Jill’s DVT felt like a leg cramp.
- Protein C Deficiency
I immediately took myself to the nearest E.R. The doctor there asked me why I thought I had DVT. When I told her about the Internet survey, she and others in the room laughed about it.”
I was sitting at a coffee shop in February of 2002 with one of my sisters when I felt a painful cramp in my left calf. It hurt really badly. But since I’d been working out a lot, I thought perhaps I’d overworked it. That was a Friday. It still hurt on Saturday, and by Sunday morning I couldn’t put any pressure on my leg and almost fell getting out of bed.
I went online, input my symptoms, and the results were something like, “get yourself to an emergency room as there’s a good chance you have DVT.”
I immediately took myself to the nearest E.R. The doctor there asked me why I thought I had DVT. When I told her about the Internet survey, she and others in the room laughed about it. I asked her to please humor me and take an ultrasound of my calf to set my mind at ease. After the ultrasound, my doctor came into the room and said, “I can’t believe it! You have DVT!” They admitted me right then and there.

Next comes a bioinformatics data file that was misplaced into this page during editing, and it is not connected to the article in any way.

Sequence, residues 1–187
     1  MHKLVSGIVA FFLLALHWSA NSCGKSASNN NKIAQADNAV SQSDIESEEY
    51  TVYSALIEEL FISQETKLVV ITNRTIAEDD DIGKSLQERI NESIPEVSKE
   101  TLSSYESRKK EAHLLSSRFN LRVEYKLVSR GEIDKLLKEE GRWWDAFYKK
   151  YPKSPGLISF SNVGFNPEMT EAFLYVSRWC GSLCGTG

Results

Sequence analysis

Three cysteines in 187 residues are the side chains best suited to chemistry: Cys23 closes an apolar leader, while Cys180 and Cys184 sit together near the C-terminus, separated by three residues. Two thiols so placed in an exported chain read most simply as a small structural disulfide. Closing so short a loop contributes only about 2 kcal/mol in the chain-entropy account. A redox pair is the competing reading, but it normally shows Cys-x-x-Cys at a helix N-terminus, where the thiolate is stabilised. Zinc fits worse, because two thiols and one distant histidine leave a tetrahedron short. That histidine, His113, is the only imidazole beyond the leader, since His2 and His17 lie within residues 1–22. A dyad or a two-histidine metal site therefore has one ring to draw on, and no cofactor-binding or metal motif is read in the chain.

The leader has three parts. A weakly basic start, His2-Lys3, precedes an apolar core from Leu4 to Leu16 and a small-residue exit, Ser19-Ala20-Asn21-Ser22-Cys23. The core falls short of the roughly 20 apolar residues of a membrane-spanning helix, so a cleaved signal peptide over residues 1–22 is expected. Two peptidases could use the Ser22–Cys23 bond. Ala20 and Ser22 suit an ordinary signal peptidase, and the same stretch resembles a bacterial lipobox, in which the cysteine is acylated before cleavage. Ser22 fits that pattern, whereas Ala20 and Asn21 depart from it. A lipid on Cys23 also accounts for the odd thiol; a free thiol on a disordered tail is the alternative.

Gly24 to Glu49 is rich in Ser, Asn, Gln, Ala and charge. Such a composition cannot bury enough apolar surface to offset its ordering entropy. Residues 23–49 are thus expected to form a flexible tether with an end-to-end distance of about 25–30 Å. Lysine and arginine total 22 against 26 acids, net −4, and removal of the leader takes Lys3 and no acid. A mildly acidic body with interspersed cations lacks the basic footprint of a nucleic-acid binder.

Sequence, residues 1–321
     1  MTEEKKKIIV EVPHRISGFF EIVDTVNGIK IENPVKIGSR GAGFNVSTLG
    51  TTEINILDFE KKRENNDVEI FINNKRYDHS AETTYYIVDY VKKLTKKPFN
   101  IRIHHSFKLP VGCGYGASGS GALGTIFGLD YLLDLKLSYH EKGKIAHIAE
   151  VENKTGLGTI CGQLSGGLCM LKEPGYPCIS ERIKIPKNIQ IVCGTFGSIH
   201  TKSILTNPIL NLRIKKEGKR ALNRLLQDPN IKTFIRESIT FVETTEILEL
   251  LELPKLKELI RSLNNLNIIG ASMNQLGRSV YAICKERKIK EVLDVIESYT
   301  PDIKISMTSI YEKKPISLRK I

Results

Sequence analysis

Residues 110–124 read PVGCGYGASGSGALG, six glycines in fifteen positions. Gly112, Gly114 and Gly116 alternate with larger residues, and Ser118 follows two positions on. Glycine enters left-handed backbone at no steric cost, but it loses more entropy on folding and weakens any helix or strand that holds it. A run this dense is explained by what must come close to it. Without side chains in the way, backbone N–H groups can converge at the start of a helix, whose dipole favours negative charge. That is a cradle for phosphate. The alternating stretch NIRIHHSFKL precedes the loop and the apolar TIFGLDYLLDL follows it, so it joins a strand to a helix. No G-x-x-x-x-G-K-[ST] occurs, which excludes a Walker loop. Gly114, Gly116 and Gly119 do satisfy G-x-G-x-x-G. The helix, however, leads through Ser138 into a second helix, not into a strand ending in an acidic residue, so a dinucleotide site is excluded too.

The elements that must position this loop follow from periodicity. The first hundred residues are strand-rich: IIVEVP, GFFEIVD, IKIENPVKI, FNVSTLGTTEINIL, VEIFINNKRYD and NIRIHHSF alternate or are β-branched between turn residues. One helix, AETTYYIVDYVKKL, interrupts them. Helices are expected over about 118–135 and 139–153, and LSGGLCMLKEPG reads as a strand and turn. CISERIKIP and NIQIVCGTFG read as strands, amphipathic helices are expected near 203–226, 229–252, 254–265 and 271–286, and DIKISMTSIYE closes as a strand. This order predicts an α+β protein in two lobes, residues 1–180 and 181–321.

Initially I was angry because the ER doctor was so dismissive of what was going on, even though I was concerned. But I let them do what they had to do. Since I had no family history of DVT, no cancer or injury, they couldn’t figure out what caused it.
Since then, I’ve had two pulmonary embolisms in addition to DVT. In 2009, blood tests finally confirmed that I have a Protein C deficiency—a genetic condition—that means I’ll be on blood thinners the rest of my life.
Do not dismiss a cramp that doesn’t go away in a day. Even if you’re not exhibiting the “normal” symptoms of a blood clot, that doesn’t mean you don’t have one. Don’t let strange feelings go unchecked for days. If something doesn’t feel right, deal with it immediately. Use online tools to validate what you’re feeling, but don’t let doctors dismiss them so easily. It could mean the difference between life and death.